IMHO, Play-Doh is a gift from the gods. Unfortunately, for a poor starving college student, it is an expensive one. But here are some recipes to make your own, using stuff that might actually be in your kitchen (so you can save your money for the REAL good stuff -- like the Fun Factory).


  • 1 1/2 cups flour
  • 1 1/2 cup salt
  • 1/2 cup water
  • 1/4 cup oil

Step 1: Mix flour and salt, slowly add water and oil.

Step 2: If the dough is too wet, add flour, too dry, add water.

This dough can be easily colored and scented. Adding food coloring to the water will prevent stained hands, and I've found that peppermint extract (or vanilla, or lemon, or just about any other cooking extract) makes it smell great.

Here's another recipe that smells great on it's own, and tastes better if you think for some reason that it'll be eaten (sometimes the stuff comes out of the Fun Factory and you just forget, ya know?)


Step 1: Beat all the ingredients together until smooth..

Step 2: Chill at least 3 hours before using.

The one drawback of this recipe is that it goes bad a bit quicker than standard dough. If you keep it in a ziplock bag in the fridge when it's not in use, though, it should keep for two to three weeks.

Have fun!

I love Play-Doh. I especially love the way it smells. I hadn't played with Play-Doh in years until a few days ago, when I got my hands on a small container of the stuff. I played with it for so long that my hands turned blue. It molds and shapes so nicely, and squeezing it is a great way to relieve stress. And it has that distinctive smell, one that I hadn't smelled in years. I don't know if I played with Play-Doh very much as a child, but I sure wish that I had.

The Play-Doh story starts in 1956. It started out as wallpaper paste, mixed with some other ingredients to create a softer, and cheaper, kind of clay. It was created by a man named Joseph McVicker, who was trying to please his sister's pre-school students, who had modeling clay that didn't work very well. It started off its career coming only in white, and stayed this way for many years. A small toy company named Rainbow Crafts in Ohio began to sell the toy to stores and schools. Soon, a much larger toy company, Kenner Toys bought the compound, and began aggressively marketing it. It originally came only in 1.5 lb cans. In 1957, red blue and yellow colors of Play-Doh began to be manufactured.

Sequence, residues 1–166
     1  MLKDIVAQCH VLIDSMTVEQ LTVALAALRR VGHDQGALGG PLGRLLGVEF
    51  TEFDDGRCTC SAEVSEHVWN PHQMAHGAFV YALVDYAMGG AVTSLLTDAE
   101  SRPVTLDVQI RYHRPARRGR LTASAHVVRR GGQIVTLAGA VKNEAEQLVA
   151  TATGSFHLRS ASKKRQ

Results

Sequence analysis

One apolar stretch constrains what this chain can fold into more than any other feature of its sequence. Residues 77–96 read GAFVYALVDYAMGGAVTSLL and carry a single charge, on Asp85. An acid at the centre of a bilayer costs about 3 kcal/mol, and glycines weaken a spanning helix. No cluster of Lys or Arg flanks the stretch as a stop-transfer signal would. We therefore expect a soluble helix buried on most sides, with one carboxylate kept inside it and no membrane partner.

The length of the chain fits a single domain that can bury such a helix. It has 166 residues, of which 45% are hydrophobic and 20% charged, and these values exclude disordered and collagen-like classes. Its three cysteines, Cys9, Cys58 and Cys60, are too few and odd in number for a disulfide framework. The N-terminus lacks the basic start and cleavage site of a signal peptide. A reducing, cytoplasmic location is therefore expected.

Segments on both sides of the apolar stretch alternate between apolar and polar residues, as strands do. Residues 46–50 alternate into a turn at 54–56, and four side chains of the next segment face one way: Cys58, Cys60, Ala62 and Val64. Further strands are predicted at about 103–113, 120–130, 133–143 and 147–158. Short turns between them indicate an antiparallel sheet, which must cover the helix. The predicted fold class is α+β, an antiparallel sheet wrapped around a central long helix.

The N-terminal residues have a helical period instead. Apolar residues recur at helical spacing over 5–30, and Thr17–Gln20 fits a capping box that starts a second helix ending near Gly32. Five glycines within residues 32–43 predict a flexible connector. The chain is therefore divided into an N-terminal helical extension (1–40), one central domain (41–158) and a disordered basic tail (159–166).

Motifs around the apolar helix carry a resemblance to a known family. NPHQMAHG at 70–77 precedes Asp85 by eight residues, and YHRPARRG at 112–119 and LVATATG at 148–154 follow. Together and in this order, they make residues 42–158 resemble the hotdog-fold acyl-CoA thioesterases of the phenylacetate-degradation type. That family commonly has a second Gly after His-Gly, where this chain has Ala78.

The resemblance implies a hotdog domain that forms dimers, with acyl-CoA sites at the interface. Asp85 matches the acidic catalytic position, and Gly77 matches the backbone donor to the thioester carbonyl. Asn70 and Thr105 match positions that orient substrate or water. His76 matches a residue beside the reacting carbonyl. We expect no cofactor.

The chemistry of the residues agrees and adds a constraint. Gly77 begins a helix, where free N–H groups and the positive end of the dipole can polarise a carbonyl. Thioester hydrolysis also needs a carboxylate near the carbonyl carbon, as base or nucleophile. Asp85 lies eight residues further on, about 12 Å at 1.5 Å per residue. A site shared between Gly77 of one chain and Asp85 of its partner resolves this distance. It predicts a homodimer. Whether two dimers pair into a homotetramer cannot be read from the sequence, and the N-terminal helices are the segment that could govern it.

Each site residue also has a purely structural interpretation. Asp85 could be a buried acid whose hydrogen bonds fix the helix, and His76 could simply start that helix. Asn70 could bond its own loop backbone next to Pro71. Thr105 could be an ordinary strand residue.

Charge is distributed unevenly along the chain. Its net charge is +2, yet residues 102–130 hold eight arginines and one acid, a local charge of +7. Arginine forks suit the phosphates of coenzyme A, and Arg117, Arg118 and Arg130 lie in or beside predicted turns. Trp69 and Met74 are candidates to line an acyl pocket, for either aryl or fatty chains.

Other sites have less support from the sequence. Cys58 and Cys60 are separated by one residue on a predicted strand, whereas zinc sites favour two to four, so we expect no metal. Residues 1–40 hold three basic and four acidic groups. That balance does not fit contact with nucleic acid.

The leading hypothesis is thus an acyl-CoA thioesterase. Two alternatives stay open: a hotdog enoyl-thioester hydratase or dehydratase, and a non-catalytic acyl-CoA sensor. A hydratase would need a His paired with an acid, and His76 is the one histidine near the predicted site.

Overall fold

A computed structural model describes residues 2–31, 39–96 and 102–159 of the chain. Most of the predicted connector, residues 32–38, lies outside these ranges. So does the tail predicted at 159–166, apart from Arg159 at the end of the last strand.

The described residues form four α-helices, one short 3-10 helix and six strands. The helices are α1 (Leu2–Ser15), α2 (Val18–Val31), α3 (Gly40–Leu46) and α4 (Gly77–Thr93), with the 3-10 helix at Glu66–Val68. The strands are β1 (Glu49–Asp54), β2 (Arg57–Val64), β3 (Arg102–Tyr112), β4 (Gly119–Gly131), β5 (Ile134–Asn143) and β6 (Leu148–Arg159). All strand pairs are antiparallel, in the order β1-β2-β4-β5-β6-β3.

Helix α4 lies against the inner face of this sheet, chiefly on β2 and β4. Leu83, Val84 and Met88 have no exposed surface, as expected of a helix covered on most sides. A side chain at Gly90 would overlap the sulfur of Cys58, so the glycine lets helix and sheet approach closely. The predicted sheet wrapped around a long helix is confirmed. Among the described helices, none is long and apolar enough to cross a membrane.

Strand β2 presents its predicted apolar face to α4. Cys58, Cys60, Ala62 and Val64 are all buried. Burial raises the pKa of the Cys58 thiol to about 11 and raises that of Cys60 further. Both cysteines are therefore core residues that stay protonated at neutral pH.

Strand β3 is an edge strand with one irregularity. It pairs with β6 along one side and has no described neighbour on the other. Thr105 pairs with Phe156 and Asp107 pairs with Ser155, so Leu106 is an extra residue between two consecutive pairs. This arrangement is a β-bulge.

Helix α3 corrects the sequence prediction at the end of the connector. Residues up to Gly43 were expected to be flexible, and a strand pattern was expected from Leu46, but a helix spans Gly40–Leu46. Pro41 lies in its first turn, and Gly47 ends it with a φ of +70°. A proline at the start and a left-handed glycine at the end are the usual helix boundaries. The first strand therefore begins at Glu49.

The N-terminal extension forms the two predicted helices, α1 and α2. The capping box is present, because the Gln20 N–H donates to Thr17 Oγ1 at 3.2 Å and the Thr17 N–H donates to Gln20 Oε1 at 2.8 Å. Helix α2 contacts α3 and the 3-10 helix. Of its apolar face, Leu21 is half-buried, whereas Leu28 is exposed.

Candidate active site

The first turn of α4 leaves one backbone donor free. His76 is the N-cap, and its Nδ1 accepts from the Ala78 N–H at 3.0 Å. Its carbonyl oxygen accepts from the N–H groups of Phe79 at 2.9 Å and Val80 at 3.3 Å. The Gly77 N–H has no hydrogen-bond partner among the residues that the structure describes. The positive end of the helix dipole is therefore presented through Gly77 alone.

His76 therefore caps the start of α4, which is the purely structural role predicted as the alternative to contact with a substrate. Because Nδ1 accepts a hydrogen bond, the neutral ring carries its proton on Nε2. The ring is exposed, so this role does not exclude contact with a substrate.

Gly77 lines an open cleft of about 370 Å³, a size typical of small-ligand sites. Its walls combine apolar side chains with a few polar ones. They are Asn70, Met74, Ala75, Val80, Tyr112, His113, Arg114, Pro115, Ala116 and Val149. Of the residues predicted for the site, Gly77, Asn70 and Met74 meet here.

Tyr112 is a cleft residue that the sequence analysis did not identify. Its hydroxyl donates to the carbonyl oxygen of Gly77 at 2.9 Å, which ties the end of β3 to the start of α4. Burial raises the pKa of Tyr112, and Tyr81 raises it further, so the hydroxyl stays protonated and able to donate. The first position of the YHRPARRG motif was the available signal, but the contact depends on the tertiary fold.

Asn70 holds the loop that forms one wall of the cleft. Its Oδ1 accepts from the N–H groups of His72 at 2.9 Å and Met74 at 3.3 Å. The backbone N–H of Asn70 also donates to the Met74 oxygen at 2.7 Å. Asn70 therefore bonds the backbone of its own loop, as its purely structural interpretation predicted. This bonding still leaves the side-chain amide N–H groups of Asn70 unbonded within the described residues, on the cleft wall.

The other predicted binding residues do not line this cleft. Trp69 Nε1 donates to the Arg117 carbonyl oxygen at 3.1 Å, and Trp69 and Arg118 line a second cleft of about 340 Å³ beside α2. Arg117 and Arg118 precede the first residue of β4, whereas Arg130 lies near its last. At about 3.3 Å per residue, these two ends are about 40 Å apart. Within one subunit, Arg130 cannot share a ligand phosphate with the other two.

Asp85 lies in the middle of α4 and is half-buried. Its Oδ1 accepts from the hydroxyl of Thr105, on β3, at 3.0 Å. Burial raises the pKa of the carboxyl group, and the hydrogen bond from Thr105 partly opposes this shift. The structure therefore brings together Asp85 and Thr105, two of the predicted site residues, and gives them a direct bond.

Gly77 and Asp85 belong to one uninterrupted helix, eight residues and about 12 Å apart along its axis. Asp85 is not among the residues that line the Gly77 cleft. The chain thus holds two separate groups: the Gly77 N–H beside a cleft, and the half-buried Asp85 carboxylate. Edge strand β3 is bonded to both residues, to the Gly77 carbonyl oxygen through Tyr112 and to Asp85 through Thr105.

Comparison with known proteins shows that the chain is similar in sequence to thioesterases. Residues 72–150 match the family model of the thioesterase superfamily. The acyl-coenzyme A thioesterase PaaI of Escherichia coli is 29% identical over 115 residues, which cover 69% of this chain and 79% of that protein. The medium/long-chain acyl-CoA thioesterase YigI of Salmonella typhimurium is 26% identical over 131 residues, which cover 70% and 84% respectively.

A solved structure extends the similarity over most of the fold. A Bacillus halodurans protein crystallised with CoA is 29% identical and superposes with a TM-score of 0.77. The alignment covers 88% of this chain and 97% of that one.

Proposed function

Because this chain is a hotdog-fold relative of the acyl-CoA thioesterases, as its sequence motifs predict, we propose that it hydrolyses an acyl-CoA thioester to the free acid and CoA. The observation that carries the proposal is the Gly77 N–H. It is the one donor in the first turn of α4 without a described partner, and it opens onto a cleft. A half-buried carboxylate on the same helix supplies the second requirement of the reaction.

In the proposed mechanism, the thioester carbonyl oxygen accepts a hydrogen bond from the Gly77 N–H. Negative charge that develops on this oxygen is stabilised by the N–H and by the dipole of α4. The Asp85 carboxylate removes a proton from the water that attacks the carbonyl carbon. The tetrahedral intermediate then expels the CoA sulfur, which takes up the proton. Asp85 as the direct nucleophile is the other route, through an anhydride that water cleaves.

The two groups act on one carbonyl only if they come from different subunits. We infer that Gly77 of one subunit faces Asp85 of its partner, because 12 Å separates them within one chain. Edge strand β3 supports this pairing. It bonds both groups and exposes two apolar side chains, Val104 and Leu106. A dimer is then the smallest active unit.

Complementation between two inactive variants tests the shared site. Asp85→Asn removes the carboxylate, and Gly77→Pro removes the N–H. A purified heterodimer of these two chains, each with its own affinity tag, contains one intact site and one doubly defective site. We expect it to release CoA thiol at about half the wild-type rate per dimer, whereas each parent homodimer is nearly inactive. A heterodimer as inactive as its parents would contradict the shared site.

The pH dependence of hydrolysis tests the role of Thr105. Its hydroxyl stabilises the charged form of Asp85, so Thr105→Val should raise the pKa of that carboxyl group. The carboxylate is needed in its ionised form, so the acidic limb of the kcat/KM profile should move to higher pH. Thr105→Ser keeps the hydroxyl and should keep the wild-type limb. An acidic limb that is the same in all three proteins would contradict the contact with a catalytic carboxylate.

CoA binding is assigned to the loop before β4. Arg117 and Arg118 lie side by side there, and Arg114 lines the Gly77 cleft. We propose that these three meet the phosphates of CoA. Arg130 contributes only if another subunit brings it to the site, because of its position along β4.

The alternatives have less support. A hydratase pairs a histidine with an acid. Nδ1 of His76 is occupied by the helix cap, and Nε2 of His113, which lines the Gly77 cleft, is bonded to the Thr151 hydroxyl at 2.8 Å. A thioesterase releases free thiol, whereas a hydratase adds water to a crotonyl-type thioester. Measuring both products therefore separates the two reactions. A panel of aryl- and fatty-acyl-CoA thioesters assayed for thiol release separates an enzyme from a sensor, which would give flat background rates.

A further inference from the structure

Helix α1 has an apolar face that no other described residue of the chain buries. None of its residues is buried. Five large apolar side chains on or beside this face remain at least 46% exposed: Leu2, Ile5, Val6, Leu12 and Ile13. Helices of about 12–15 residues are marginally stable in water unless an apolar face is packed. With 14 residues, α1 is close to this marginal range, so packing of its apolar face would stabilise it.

What would Play-Doh be without the famous little boy on the logo? His official name is Play-Doh Pete. He was first shown on the can in 1960, except that then he had an entire body -- he wasn't a disembodied head. For the few years before Pete showed up on the scene, the mascot was an elf. But, he lasted only a short time before the first of many Play-Doh Petes appeared. Through the late 1960s, Pete wore a green beret, and starting in the mid 1960s, he had white hair and Play-Doh in his hand. The next Pete appeared in the late 1960s, and lasted the longest. His beret was now red, and his hair blonde. But he still wore the same red smock.